SUPREME COURT OF ILLINOIS
530 N.E.2d 468, 124 Ill. 2d 483, 125 Ill. Dec. 310 1988.IL.1548
Appeal from the Appellate Court for the Third District; heard in that court on appeal from the Circuit Court of La Salle County, the Hon. William P. Denny, Judge, presiding.
JUSTICE WARD delivered the opinion of the court. JUSTICE STAMOS took no part in the consideration or decision of this case.
DECISION OF THE COURT DELIVERED BY THE HONORABLE JUDGE WARD
The plaintiff, Gerald Krasinski, filed suit in the circuit court of La Salle County against United Parcel Service, Inc. , and two of its employees, alleging unlawful discharge from employment and malicious defamation. The unlawful discharge count was dismissed in June 1982, and the defendants then moved for summary judgment on the defamation counts, claiming that the statements involved were privileged communications. The trial court denied the defendants' motion, finding that, though the defendants had a qualified privilege in making the statements, an issue of material fact existed as to whether the statements were made with actual malice. The defendants then successfully moved to dismiss the complaint on the ground that the claim was preempted by Federal law. The appellate court reversed (155 Ill. App. 3d 831), holding that the tort of malicious defamation is an independent State court cause of action not preempted by Federal law. We granted the defendants leave to appeal. 107 Ill. 2d R. 315.
As this appeal is before the court on the defendants' motion to dismiss, all well-pleaded facts in the complaint will be regarded as true and all reasonable inferences from them will be considered as correct. (Kirk v. Michael Reese Hospital & Medical Center (1987), 117 Ill. 2d 507, 514, cert. denied (1988), 485 U.S. 905, 99 L. Ed. 2d 236, 108 S. Ct. 1077; Katz v. Belmont National Bank (1986), 112 Ill. 2d 64, 67.) The complaint is in four counts. The first alleges that while the plaintiff was employed as a package driver for UPS, the company, through its agents and employees, maliciously defamed him. The allegations of the complaint are that on October 7, 1981, Frank Wise, a loss-prevention supervisor for UPS, and Bill Fields, a loss-prevention manager for UPS, waited for the plaintiff to return to the UPS office from his route. Wise, in the presence of Fields and another UPS employee, said to the plaintiff:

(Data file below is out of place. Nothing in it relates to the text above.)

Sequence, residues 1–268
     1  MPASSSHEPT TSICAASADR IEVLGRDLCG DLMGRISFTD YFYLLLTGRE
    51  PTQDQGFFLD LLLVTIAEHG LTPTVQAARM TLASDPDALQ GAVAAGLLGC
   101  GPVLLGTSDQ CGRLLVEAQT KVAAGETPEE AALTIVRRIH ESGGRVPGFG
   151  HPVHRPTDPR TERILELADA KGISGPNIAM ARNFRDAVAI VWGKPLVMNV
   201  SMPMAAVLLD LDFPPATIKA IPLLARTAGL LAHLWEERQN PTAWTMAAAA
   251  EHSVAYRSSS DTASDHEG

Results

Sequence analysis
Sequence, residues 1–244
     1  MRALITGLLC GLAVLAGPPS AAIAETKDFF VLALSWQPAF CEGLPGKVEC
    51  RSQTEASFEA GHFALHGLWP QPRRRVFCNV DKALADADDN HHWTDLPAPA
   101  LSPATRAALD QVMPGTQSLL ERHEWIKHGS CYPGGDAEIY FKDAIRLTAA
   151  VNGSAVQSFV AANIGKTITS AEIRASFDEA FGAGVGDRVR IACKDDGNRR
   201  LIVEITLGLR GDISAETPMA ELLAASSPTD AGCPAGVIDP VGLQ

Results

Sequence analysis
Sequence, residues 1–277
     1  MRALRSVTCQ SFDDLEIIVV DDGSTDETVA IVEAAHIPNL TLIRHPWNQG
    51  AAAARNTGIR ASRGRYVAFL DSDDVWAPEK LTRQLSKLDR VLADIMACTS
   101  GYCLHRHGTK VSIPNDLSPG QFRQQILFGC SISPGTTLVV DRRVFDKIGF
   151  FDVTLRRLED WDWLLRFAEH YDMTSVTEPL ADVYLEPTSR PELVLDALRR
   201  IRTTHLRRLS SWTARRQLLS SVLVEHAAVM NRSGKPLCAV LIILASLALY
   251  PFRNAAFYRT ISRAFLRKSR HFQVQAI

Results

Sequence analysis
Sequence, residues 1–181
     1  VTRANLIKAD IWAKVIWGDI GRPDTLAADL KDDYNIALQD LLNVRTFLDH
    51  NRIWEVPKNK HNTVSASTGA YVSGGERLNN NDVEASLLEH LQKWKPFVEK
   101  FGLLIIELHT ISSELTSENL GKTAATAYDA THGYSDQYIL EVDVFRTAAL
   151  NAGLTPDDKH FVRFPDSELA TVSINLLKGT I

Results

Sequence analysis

"I have a signed statement from Gale Koehler that you sold him the saw and that you knew it was hot."
Wise's statement, the complaint sets out, was false and the intention was to charge that the plaintiff had stolen a chain saw from a company shipment. It alleges that Wise made the statement, although he knew he did not have a signed statement from Koehler to the effect that the plaintiff sold him the saw and that the plaintiff knew it was "hot." On the same day, the complaint alleges, Wise, in the presence of the plaintiff's supervisor and Fields, said:
"We're going to have to terminate him [the plaintiff] . . ., because this is a UPS shipment and Jerry stole the saw."
Fields, on the same date, in the presence of the plaintiff's supervisor and Wise, it was claimed, stated:
"He [the plaintiff] will have to be terminated for dishonesty."
All the above statements, it is charged, were made with knowledge that they were false and with reckless disregard of the truth. The plaintiff alleges the statements were made with the intent to destroy his good name and reputation in his employment and "to accuse the plaintiff of a crime to cause him to lose him employment." The statements were made allegedly because UPS and its employees "could not substantiate an earlier wrongdoing that the defendant, through its agents and employees, believed that [Krasinski] had committed and knowing that the plaintiff was an active spokesman of employee rights within the company."
Count I is directed against UPS, count III is against Wise, and count IV is against Fields, and each is based on the above statements. Count II, also directed against UPS, alleges that another defamatory statement was made through its agent and employee, James Dobbins, UPS' division manager, on October 9, 1981, when he sent a notice of termination from UPS employment to the plaintiff, and copies to the plaintiff's union and to other UPS employees. The letter to Krasinski states that he was being terminated because "after completing an investigation on October 7, 1981, it was determined that you were involved in a dishonest act," in violation of the labor agreement between UPS and the plaintiff's ...